Personal seat license
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A personal seat license, or PSL, is a paid license that entitles the holder to the right to buy season tickets for a certain seat in a stadium. This holder can sell the seat license to someone else if they no longer wish to purchase season tickets. However, if the seat license holder chooses not to sell the seat licenses and does not renew the season tickets, the holder forfeits the license back to the team. Most seat licenses are valid for as long as the team plays in the current venue.
Seat licenses have been given various names. The most common term in North America is personal seat license and in Europe is debenture. The primary reason sporting venues offer PSLs is that the proceeds are used to help pay the debt incurred during the construction of the stadium or arena. Opponents of PSLs see this as another way to extract money from the sports fans.
Origin of seat licenses
There are varying accounts as to the origin of the personal seat license.
According to one account, the first personal seat license plan was developed in 1986 at Stanford University by legendary tennis coach Dick Gould. Seeking financing for a new tennis stadium, Gould came up with the idea of selling the rights to seats, a licensing plan under which purchaser's name is engraved in the seat, and the purchaser owns the right to have first choice for tickets for any event held in the stadium.
According to a second account, the permanent seat license was invented by a Columbus, Ohio architect, Rick Ohanian, in January 1987. Ohanian described his plan in a Letter to The Editor of the Columbus Dispatch, published on March 2, 1987, entitled "Ticketbond is Answer to Financing Proposed Facility".
According to a third account, the permanent seat license was invented by Charlotte sports marketing agent Max Muhleman, in 1993. Muhleman is credited as the founder of the first PSLs at Charlotte's then Carolinas Stadium.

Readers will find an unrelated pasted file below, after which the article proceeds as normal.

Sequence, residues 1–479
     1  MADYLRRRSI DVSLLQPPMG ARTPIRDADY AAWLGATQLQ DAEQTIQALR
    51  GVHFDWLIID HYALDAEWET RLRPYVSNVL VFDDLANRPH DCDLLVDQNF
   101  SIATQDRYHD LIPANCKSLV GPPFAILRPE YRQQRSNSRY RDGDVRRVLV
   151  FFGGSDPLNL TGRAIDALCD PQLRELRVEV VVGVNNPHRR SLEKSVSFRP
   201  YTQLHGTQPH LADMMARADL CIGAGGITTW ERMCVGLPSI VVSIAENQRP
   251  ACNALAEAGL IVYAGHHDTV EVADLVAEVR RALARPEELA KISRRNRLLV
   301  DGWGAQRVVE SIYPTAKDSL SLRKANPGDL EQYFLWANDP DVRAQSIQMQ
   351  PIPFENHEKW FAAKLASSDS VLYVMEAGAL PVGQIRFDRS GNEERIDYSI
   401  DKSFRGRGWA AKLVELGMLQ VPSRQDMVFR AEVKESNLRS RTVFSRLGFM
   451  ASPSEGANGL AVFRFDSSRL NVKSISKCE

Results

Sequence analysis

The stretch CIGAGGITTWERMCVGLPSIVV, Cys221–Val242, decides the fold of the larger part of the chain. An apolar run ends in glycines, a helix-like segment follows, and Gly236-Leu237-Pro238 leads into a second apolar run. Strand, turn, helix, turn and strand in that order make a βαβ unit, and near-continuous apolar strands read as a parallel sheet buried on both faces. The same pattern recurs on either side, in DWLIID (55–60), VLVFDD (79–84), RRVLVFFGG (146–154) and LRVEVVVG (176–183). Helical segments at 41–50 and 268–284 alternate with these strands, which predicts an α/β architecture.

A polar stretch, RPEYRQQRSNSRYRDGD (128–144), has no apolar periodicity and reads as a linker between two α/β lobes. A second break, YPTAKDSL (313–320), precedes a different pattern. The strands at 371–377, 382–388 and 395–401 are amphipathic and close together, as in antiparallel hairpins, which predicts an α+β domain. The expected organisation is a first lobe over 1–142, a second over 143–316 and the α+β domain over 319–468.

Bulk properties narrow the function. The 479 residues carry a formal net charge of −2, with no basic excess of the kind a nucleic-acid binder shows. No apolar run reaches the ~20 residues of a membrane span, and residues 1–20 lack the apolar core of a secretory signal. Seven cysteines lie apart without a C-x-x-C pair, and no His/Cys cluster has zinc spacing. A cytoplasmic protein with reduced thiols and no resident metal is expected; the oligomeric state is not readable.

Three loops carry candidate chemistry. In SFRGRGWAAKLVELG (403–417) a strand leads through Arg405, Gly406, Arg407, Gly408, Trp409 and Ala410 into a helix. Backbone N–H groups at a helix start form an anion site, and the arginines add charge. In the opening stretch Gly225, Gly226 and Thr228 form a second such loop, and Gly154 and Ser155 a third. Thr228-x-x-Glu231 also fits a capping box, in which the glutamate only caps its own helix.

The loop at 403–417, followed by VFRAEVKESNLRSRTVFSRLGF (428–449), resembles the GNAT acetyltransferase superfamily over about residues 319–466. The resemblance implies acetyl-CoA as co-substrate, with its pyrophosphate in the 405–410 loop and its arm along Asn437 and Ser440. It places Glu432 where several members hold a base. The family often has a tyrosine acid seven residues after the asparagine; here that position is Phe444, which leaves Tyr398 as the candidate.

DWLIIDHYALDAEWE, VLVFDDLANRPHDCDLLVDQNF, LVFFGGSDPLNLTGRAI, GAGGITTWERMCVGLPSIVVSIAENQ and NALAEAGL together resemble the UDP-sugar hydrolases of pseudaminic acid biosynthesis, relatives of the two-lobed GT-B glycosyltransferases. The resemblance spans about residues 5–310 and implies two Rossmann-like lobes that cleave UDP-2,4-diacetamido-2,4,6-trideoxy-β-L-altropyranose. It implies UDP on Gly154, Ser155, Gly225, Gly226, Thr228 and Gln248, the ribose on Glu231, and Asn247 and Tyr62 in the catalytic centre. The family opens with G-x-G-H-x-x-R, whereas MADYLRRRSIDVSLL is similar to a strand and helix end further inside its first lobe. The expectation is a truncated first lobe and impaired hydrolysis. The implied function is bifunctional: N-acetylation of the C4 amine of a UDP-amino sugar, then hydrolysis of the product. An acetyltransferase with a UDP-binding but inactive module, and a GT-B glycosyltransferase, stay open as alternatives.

Others cite similar programs that were in existence among many college fund raising activities prior to 1987. However, the early programs were tax-deductible donations to a scholarship fund, in which case the main "quid-pro-quo" was between the donation and the resultant deduction, not between the donation and the actual seating rights.
Sports teams and organizations employing seat licenses
Here is a list of some of the teams that have seat licenses:
NFL seat licenses
- Atlanta Falcons PSL (effective at new stadium only - set to open 2017)
- Baltimore Ravens PSL
- Carolina Panthers PSL
- Chicago Bears PSL
- Cincinnati Bengals COA (Charter Ownership Agreements)
- Cleveland Browns PSL
- Dallas Cowboys SL (Seat Licenses) (Effective at AT&T Stadium only.)
- Houston Texans PSL
- Minnesota Vikings PSL (U.S. Bank Stadium only - set to open 2016)
- New York Giants PSL (Effective at MetLife Stadium only. Buying Giants PSL does not give ticket rights for Jets.)
- New York Jets PSL (Effective at MetLife Stadium only. Policies differ from the Giants. Buying Jets PSL does not give ticket rights for Giants.)
- Philadelphia Eagles SBL (Stadium Builder Licenses)
- Pittsburgh Steelers SL
- San Francisco 49ers SBL (Stadium Builder Licenses)
- Seattle Seahawks CSL (Charter Seat Licenses)
- Los Angeles Rams PSL (To be implemented when the new stadium opens)
- Tennessee Titans PSL
MLB Seat Licenses
- Arizona Diamondbacks Legacy Club Seat Licenses
- Minnesota Twins Legends Club Memberships (effective in Target Field only)
- San Diego Padres Founders Club Memberships
- San Francisco Giants CSL Charter Seat Licenses
- St. Louis Cardinals Ballpark Founders Club Seat Licenses
Car Racing Seat Licenses
NHL Seat Licenses
NBA Seat Licenses
- Gold Coast Titans PSR (Personal Seat Right)
- Barker, Jeff. "Owning a Ravens seat can pay off big time," The Baltimore Sun, Thursday, June 25, 2009.
- "Dick Gould profile". Stanford University. Retrieved 2009-11-17.
- Glenn Dickey (2000-04-07). "Gould Serves Up New Ideas". San Francisco Chronicle.
- Hill, Jemele. "Personal seat licenses, rising ticket prices spell doom," ESPN Page 2, Monday, August 4, 2008.
- "Price tag for Rams' Inglewood stadium could reach $2.66 billion". The Orange County Register. Retrieved 2016-01-18.